IT’S LAUNCH DAY!!!! ….I hope!
Showers and storms continue to threaten the plateau this week
A cold front will move through this weekend
Hay cutting weather is looking good for next week!
Strong storms are possible each afternoon but they become a bit more likely on Thursday. A damaging wind gust is the main threat. The Storm Prediction Center has placed our area in the MARGINAL RISK for severe storms for Thursday.
Baldwin’s Severe Wx Concern
Due to the isolated, short-lived nature expected from any severe storm that should develop, my concern level remains low. My concern may go up a bit for tomorrow, but I’ll have to monitor data that comes in today before making that call. I wouldn’t expect my concern to leave the “Low” category and I don’t expect widespread severe weather.
The concern will drop to zero for Sunday through early next week!
Baldwin’s 7-Day forecast
Today: A chance for showers and storms, mainly in the afternoon and evening.
Thursday – Friday: Showers and storms likely. Some storms could be strong to severe.
Saturday: A chance for showers.
Sunday – Tuesday: Cooler, with lower humidity. Sunny.
Yesterday’s National High and Low Temperature
High: 113 at Death Valley, California
Low: 21 at Toponas, Colorado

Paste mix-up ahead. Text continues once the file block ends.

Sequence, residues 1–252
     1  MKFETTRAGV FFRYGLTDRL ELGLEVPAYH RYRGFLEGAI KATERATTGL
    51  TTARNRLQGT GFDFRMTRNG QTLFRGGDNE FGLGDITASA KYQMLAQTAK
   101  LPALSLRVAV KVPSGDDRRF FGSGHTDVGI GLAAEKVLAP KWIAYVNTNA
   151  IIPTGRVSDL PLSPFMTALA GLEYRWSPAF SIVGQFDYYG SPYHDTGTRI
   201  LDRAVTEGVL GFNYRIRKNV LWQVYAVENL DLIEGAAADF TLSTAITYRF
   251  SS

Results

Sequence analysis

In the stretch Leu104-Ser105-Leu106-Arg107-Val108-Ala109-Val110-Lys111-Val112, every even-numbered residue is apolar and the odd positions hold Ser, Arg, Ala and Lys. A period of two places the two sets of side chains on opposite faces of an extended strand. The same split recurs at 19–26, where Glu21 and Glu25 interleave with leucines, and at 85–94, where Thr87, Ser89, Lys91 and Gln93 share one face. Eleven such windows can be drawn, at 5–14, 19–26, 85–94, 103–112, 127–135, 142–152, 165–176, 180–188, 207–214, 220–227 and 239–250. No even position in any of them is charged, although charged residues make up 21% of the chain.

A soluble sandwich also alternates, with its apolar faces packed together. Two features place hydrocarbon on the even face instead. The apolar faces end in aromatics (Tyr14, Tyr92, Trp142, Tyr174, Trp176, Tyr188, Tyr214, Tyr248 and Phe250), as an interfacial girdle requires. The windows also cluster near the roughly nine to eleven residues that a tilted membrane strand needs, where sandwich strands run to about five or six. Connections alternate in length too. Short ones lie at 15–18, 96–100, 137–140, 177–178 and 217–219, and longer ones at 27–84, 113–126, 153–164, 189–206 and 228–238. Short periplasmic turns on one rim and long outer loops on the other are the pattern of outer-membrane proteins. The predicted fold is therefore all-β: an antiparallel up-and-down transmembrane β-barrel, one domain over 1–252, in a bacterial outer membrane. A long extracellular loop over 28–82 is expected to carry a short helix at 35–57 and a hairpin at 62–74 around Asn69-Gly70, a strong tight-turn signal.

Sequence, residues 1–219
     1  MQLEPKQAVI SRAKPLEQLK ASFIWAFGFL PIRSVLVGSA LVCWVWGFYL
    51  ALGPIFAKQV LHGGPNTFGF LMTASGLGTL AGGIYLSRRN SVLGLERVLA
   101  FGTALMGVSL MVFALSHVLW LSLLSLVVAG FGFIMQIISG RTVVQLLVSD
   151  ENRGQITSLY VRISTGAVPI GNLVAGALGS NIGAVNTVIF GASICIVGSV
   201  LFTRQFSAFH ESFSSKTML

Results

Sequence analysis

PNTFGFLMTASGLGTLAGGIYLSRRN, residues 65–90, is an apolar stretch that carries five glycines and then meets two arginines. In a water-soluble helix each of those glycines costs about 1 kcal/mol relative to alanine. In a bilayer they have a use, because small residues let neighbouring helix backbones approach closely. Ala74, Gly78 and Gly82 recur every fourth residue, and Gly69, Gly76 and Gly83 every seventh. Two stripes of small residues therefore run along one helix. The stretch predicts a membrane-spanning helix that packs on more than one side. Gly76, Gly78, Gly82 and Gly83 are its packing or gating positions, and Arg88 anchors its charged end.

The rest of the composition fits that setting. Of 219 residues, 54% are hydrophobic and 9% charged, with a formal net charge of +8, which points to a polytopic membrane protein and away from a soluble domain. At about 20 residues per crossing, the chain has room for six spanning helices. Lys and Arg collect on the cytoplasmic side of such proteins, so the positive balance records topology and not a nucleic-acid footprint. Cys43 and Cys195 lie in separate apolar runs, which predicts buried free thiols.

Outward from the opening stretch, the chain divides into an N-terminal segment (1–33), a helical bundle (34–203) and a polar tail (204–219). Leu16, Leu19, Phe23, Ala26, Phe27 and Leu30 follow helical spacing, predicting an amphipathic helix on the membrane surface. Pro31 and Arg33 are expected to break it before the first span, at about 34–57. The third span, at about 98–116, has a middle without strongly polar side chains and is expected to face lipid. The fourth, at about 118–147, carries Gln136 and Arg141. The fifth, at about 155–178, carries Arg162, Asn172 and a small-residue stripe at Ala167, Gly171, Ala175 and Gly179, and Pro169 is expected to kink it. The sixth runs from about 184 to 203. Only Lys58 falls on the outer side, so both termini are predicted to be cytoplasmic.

Difference of: 92 degrees
Wx Hazards Across the Nation
Tropical Storm Bertha will bring flooding rains to the Carolinas and western Virginia. Severe storms threaten the front range of the Rockies and western Texas. More heavy rainfall will threaten western Montana.
Wx Hazards Across the Nation
T.S. Bertha will continue to bring flooding rains to parts of the Carolinas and Virginia. Heavy rainfall and severe storms will threaten much of Kansas, central Nebraska, and the Panhandles of Oklahoma and Texas.
Wx Hazards Across the Nation
Heavy rainfall once again threatens portions of the southern plains. Notice that snow flakes are flying again across the northern Rockies.
In a bit of a sudden development, we now have Tropical Storm Bertha! The storm is centered just off the South Carolina coastline, with maximum sustained winds of 45 mph. The storm is drifting north, northwest. On this course, the system is expected to bring lots of moisture to the eastern side of the southern Appalachians, where they certainly don’t need the rain. If you’ll recall, they’ve been plagued by heavy rainfall for the past few weeks.
Since the storm is moving inland soon, no additional strengthening is expected. The system will not directly impact the weather of the Cumberland Plateau.
Weather. It’s all about the weather.
As you learned earlier this week, the number one reason for launch delays is the weather. You can complain about it all you want, but we can’t do a darn thing about it (ha).
Lightning, clouds, rainfall, visibility, humidity, winds, temperature, and so on. It’s a lot to keep up with! That’s why the 45th Weather Squadron of Cape Canaveral has their work cut out for them.
I had a wonderful opportunity to tour their facilities this past summer. It was mind blowing! There’s so much going on and so much to keep up with. If they make a mistake….well, let’s just say we ain’t got no time for that (ha).